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On being told I might have cancer
(CATALONIA TODAY – SECTION: LONG-TERM RESIDENT - ARTICLE FIFTEEN)
It started with a cold, about a month ago, which I smothered with an evil little over-the-counter product called Couldina (which includes codeine, a morphine derivate, among its ingredients). A week later, I stopped taking the Couldina and the cold sprang back with a vengeance, throwing in a nasty cough for good measure.
I went on hawking and sneezing for the next fortnight, and when the coughing got so bad it started to produce painful muscle contractions in my chest, I decided it was time to visit the nearest A&E.
The doctor sent me off for an X-ray to see if there was any bronchitis involved. Once he'd seen the pictures, he immediately ordered a magnetic resonance scan, after which I was placed in a small room and left alone for three hours. This, it turned out, was the time it took for the X-rays and scans to be analysed over the internet by a specialist at another hospital. By now, I was beginning to suspect I had something a little more serious than a cold.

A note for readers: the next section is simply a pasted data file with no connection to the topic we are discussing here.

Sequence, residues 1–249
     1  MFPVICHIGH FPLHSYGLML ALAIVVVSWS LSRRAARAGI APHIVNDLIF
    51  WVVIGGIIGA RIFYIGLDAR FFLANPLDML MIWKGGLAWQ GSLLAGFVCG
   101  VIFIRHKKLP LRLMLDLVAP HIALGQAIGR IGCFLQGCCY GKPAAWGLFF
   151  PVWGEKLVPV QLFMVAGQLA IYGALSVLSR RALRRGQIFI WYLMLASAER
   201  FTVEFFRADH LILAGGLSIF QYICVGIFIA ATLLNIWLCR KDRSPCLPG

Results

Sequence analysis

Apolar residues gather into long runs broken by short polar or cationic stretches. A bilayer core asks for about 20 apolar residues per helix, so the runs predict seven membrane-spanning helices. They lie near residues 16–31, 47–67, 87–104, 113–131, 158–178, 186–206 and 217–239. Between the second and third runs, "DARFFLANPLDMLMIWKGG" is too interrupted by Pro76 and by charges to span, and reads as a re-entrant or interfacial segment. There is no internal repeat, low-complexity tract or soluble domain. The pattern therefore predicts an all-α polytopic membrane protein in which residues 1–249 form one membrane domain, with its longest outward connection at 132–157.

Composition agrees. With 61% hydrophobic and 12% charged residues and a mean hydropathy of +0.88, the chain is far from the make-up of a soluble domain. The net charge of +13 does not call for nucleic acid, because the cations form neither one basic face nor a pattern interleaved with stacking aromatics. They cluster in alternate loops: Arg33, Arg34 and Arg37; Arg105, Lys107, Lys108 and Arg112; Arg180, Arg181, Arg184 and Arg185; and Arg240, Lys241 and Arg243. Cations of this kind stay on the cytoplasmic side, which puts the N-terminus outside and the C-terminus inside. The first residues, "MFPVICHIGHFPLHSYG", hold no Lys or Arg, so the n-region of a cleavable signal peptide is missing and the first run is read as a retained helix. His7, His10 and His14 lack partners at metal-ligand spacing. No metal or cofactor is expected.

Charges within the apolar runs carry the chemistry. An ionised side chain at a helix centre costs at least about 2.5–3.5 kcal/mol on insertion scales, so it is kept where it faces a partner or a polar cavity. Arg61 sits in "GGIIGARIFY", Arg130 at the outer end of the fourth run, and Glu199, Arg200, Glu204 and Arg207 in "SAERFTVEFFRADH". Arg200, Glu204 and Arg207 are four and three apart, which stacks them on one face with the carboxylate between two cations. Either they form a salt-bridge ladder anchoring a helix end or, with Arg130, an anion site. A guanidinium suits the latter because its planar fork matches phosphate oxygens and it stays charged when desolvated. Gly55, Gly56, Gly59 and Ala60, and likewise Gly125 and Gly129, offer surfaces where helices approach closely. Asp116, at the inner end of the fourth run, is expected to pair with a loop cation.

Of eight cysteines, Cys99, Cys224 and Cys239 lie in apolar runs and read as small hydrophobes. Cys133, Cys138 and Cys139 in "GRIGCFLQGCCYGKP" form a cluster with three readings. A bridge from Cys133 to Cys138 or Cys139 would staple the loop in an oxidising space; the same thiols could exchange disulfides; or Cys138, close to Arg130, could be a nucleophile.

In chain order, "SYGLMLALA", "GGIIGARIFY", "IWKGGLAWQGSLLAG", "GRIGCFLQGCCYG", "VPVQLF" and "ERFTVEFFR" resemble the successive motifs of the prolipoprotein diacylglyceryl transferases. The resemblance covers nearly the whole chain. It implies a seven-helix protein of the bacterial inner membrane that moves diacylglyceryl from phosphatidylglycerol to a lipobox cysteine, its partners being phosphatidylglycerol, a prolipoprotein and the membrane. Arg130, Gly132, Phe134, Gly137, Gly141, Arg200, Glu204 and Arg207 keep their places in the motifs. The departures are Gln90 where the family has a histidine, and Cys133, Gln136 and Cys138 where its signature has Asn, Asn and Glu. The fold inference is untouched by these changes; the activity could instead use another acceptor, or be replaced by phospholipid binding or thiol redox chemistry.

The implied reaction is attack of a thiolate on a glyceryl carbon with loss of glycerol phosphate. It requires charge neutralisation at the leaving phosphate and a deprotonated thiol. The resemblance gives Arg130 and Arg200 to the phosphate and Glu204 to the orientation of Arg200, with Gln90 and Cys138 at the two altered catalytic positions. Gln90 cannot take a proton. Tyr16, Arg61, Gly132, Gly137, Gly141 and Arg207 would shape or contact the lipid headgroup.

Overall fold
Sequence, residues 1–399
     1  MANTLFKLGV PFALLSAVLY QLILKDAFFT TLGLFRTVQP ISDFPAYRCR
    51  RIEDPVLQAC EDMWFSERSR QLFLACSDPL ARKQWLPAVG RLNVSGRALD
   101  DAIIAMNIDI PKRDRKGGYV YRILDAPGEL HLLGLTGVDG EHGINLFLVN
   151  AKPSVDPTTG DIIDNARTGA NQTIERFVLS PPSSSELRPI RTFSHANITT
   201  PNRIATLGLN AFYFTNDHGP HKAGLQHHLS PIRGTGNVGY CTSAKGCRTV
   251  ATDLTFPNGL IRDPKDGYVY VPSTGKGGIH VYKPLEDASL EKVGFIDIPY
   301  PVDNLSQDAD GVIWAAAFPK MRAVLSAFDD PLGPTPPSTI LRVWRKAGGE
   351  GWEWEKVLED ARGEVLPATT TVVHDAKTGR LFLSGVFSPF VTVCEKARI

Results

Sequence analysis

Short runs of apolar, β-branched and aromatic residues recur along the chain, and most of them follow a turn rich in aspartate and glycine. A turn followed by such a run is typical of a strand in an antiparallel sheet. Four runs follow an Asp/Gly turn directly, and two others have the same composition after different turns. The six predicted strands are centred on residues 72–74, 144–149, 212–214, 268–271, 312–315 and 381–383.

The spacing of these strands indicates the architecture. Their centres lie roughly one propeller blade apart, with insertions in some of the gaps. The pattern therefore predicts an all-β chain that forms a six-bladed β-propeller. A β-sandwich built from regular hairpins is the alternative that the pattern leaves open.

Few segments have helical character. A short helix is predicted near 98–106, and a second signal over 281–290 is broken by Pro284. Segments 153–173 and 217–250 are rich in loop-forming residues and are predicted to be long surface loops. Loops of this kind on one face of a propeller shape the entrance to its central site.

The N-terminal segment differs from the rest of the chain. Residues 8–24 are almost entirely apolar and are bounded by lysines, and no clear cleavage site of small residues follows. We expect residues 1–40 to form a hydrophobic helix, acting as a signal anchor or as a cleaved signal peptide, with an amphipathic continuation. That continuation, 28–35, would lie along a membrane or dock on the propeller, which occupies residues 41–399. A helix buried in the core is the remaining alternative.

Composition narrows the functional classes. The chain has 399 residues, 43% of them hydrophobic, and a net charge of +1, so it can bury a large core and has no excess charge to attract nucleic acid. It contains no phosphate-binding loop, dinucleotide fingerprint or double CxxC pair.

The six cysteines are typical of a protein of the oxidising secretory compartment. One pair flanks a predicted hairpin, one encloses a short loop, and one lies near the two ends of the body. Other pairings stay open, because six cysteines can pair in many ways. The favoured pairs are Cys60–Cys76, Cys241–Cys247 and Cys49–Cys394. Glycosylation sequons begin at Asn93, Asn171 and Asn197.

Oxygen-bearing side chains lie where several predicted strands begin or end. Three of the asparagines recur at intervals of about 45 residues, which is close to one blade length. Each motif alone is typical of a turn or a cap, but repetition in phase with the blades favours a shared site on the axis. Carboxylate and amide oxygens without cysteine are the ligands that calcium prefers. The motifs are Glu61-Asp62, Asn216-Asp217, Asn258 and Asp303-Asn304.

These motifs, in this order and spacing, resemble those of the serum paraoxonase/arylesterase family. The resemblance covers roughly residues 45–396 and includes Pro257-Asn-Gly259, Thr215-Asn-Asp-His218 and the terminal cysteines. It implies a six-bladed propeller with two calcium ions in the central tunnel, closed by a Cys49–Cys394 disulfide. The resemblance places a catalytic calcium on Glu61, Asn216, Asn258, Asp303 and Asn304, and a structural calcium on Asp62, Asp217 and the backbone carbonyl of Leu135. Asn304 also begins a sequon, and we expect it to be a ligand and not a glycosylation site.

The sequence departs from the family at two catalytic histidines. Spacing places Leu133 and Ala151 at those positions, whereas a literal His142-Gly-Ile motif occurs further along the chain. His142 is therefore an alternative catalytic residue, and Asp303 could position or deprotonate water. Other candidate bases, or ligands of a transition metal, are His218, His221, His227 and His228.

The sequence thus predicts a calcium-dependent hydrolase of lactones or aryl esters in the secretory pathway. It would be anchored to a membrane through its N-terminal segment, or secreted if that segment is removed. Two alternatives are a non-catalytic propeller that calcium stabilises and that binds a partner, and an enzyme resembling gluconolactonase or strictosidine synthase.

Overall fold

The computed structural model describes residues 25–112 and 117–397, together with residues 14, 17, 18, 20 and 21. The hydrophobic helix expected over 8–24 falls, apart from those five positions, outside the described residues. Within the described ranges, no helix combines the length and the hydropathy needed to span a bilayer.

Sure enough, when the doctor stepped into the room, he came out with the strangely familiar line: 'I don't want to scare you, but the news is, frankly, not so good'. He placed the X-ray of my chest against a light-plate, and pointed to a disarmingly large sphere floating at the bottom of the right lung.
This, he explained, might be a pocket of air, a benign tumour or – and here he paused – a cancer. He urged me to see a pneumologist first thing Tuesday.
By the time you read this, I will have been told, I hope, what it is I have. If it turns out to be the worst of my three options, I promise not to talk about the approach of death in every succeeding column. On the contrary, I will talk about everything but. Life, I have just realised, is even more interesting than I had previously suspected.